Conclusion

Often in medicine new ideas were necessary to lead to progress in treatments. For instance when hemoglobin A1C was detected by an Iranian team of doctors, all of a sudden a powerful  tool to monitor treatment of diabetes had become available. Prostate specific antigen (the PSA test) is another example of a test that allows for a much earlier diagnosis of prostate cancer. Earlier detection of prostate cancer leads to a more successful treatment of this cancer.

With memory polymer foam (SMP foam) physicians will soon be given a new tool of closing big bone gaps to help their patients overcome unsightly appearances or unstable situations in the spine or in other body locations. The brain aneurysm application will help prevent brain hemorrhages. More research is needed for these clinical applications, but the initial research shows a lot of promise.

More information on bone cancer where following surgery large bone defects can remain: http://nethealthbook.com/cancer-overview/bone-cancer/

Last edited Nov. 8, 2014

Jun
22
2013

Baldness Can Be Treated With Platelet Rich Plasma

Baldness can be embarrassing to the person who has it. Often it runs in families, as there is a genetic factor that can be passed on from mother’s and father’s side. It can even jump one generation. I have reviewed hormonal factors and the treatment with minoxidil under Ref. 1 and 2.

One particularly embarrassing form of baldness is a spotty hair loss (medically known as “alopecia areata”), which can occur spontaneously after a period of severe stress. It is due to an autoimmune phenomenon as explained here.

Recently a randomized trial was published where one half of the head was treated with either platelet rich plasma injections (PRP), corticosteroid injections or placebo injections. Each person of the 45 volunteers got three treatments in monthly intervals and they were followed for 1 year. Only the PRP treatment group had successful regrowth of hair in the bald spots. This study has caught the attention of the media.  Images of vampires drinking blood were circulating in the press, but nothing could be further from the truth. Unfortunately a story like this just instills fear in the public, but does nothing to clarify what was done in this clinical trial.

Baldness Can Be Treated With Platelet Rich Plasma

Baldness Can Be Treated With Platelet Rich Plasma

Let me explain what the authors of the above baldness study actually did and why.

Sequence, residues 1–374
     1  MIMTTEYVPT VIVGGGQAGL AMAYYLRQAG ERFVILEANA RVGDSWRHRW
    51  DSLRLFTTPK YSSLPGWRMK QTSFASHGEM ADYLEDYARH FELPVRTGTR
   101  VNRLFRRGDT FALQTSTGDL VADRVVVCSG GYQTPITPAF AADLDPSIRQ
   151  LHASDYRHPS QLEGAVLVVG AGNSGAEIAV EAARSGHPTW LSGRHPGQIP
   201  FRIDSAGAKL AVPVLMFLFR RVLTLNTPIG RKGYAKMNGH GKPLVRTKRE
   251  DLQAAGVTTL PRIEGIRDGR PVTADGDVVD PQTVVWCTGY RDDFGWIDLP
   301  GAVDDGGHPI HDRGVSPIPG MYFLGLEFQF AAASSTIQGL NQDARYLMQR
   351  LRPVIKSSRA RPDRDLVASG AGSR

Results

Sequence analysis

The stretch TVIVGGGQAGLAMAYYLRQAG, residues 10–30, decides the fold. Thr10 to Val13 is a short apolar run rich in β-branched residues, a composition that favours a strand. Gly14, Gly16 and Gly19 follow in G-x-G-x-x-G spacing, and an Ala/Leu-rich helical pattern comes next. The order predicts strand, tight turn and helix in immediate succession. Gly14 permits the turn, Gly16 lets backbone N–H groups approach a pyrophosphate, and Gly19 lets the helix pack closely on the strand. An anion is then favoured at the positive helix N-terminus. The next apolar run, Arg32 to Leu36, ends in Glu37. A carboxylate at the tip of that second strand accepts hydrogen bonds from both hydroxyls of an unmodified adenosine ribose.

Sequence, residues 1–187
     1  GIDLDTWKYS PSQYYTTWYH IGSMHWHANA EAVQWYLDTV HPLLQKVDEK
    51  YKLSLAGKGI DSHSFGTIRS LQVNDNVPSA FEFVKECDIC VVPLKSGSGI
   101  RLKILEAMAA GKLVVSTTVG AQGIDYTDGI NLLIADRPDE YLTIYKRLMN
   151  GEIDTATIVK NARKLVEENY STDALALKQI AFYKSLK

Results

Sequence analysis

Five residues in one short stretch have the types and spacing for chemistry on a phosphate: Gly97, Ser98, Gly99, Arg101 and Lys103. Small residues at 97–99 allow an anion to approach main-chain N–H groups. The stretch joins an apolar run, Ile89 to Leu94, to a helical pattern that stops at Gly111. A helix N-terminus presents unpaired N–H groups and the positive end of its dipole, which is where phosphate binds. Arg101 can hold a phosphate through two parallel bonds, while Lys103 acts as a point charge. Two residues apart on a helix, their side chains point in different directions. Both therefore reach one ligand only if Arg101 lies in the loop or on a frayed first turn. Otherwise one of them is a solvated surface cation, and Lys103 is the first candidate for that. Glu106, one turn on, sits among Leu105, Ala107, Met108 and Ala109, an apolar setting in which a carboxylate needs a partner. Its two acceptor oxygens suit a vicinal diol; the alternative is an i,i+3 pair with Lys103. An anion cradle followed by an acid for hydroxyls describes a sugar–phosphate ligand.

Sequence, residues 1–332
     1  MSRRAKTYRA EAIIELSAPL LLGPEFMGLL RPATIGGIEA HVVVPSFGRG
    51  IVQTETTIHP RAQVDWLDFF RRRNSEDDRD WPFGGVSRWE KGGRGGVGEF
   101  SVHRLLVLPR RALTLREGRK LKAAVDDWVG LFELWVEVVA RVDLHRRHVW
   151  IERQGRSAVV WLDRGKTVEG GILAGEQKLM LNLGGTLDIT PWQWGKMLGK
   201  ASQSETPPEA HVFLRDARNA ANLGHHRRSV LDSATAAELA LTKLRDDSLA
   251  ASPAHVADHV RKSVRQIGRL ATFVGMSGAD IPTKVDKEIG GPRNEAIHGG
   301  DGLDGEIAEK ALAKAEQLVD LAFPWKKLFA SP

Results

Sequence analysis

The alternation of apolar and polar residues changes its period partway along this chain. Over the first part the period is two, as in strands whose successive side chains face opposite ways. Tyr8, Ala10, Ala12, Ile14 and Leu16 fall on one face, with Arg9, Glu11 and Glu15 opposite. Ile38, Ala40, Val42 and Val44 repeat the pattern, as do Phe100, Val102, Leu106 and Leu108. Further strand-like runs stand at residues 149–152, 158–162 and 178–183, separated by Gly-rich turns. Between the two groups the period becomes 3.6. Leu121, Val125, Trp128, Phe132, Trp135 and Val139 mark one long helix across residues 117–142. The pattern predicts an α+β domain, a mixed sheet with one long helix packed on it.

PRP has been shown in the past to contain various growth factors that support stem cells. So, in order to stimulate the stem cells in the baldness spots to renew hair growth blood was drawn from the same patient (there are no incompatibility issues with regard to transplant rejection). The blood sample was then placed in a centrifuge to separate the red blood cells, which go to the bottom of the test tube, from the other cells. The portion of the blood just above the red blood cells contains platelets and fibrinogen. This is called PRP or platelet rich plasma (blood without red blood cells is called plasma).

The plasma is enriched more than 4 times from the original concentration of platelets in blood. Platelets are special blood cells, which take part in the clotting process. They also contain a lot of growth factors that are all-important for the survival of the stem cells in the baldness spots. The PRP helps the dormant hair follicles in the bald spots to regrow hair. In the past PRP has been extensively researched for the treatment of musculoskeletal injuries.

With respect to treatment of baldness according to this website PRP injections alone help only in about 30% of patients to slow down hair loss and to rejuvenate hair growth. This link also contains a “before and after” picture of a PRP treated scalp. Note that this patient did not receive a hair transplant, just PRP injections. What happened here is that the PRP injections transferred platelets with growth factors from the patient’s blood. Some of the hair growth was from stimulated dormant hair follicles that were still in the patient’s scalp at the bald spot; however, other hair follicles likely developed from mesenchymal stem cells that were situated in the scalp, but activated by PRP (like grass seeds that would grow grass when put in fertile soil and watered).

Here is a YouTube video, which explains stem cell therapy for thickening of thinned hair with the use of something called Acell and PRP.